Just last month I wrote an article for Baja News with the title of ‘Taking the Reins’ – about just that, taking the reins of your life, rather than just letting it lead where it will. I had realized that too often in life, in an attempt not to be ‘mean,’ I had held my reins loose – too loose. Reins are there for you to use – to steer, to stop, to decide in what direction to travel.

The thing is, I used to be more of a take the reins kind of person. And then I went to therapy. And learned about letting go. About balancing my over achiever self of doing with the self of being.

“I’m just letting go” I would say to myself. But I began to wonder, had I gotten it all wrong?

And then recently I had an aha moment.

On this particular day, leading a group of people horseback riding, this particular rider was trying to improve his skill. He had been riding a number of times, but he was still trying to get the feel of how to hold himself on the horse, how to balance his weight, how to feel centered and secure.

He was on a horse who is nice and smooth, dependable – the horse for first time riders, little kids, old people, or others who need a slow and gradual confidence building for their first time riding or for building their confidence. He wanted to try going faster. So, I explained to him how to hold himself, how to position himself in the saddle, how to signal that he wanted to go a bit faster, including giving a bit of a shout of a ‘yeehawww!’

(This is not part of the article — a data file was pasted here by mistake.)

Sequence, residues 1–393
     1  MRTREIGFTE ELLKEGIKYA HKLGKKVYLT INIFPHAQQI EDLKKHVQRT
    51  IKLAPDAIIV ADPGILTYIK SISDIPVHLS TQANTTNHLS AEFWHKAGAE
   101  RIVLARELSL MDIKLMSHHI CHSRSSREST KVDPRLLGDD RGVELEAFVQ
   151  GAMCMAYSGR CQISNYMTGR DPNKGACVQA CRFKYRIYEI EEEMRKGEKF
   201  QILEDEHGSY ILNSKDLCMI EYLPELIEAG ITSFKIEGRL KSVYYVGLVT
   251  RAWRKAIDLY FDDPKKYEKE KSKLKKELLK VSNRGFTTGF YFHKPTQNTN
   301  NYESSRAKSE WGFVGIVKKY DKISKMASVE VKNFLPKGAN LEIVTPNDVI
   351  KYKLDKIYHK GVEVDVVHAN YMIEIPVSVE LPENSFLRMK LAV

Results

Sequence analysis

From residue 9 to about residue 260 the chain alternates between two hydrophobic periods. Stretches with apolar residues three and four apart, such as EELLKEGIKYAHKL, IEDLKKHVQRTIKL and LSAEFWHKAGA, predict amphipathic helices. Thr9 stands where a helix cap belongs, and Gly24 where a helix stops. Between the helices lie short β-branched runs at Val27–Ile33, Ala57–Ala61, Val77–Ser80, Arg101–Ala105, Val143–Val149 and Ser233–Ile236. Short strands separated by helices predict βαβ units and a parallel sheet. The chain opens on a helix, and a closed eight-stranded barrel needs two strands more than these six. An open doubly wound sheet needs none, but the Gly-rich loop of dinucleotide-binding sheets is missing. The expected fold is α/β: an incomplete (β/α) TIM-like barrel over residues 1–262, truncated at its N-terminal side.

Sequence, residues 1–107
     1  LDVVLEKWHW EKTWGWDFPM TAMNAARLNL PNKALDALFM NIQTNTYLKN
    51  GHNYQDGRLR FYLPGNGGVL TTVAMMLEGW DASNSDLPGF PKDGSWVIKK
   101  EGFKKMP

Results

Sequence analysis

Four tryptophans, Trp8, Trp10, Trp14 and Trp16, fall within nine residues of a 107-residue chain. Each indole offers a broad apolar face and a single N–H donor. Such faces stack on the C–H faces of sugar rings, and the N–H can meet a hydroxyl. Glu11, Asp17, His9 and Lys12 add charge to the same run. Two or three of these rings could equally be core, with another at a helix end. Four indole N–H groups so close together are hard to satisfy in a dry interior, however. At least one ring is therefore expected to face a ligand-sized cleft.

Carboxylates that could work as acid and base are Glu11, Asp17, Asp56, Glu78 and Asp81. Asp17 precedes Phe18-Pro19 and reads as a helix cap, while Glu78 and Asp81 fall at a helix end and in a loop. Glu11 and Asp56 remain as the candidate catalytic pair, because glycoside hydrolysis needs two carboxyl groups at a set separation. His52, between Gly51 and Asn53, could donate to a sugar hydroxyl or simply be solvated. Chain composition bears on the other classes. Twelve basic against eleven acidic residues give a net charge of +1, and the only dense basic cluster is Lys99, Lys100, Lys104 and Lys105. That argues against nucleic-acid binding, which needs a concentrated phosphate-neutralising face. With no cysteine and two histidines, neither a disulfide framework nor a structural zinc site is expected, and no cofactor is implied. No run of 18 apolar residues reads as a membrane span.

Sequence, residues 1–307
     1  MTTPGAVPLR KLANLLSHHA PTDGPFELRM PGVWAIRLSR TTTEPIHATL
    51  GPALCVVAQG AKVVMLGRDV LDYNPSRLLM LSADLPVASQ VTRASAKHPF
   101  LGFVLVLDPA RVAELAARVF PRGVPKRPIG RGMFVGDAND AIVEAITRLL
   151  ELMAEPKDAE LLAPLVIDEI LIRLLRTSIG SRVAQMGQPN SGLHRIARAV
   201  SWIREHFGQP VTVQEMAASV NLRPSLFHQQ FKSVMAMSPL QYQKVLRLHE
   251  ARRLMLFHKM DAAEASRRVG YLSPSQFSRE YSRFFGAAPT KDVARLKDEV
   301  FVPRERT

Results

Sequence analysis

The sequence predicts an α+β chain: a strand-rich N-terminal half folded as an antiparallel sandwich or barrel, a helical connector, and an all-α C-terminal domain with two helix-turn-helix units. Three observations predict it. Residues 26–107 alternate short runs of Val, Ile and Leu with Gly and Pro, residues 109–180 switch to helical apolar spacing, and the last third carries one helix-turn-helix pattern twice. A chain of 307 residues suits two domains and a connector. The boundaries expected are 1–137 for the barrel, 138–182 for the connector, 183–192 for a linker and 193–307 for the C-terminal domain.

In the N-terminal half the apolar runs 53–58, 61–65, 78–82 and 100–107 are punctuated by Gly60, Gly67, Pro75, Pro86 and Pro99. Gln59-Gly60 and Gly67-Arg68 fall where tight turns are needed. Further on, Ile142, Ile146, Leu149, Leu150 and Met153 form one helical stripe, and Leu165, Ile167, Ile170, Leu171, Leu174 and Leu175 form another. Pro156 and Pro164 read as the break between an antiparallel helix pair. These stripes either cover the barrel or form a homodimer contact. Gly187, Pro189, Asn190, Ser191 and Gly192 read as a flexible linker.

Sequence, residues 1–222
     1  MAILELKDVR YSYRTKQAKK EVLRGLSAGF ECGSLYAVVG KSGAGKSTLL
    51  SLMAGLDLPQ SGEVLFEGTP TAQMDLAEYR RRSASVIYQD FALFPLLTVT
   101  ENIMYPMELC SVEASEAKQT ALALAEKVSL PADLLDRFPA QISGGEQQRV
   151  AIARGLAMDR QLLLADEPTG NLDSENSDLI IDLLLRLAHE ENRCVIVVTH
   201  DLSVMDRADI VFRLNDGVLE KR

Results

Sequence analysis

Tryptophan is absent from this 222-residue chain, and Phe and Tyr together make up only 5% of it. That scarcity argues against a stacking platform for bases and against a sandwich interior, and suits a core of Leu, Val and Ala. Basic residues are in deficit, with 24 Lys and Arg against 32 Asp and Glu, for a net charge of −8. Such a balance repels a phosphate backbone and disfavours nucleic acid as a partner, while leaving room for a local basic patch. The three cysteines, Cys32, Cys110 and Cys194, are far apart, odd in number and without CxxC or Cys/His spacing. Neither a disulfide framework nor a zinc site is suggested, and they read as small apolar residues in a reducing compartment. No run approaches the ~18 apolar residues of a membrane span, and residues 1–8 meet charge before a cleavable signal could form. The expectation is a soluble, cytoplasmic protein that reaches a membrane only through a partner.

I watched as he built up his courage, implemented the signals, including the yeehaw, and the horse began to respond – for about ten feet, and then slowed down. I watched as he repeated this again. And again. And then as he was doing it, I rode up beside him and saw it – with one hand on the reins, the other hand was firmly planted on the horn of the saddle, holding on for dear life. “If you want the horse to run, you’ve got to let go of the horn,” I yelled over.

And that was when, like a book end – the second realization hit me.

Letting go.

If you want the horse to run, you’ve got to let go.

That’s what it is! I almost yelled out loud, like a moment of epiphany with the clouds parting and the light coming down upon my newfound realization.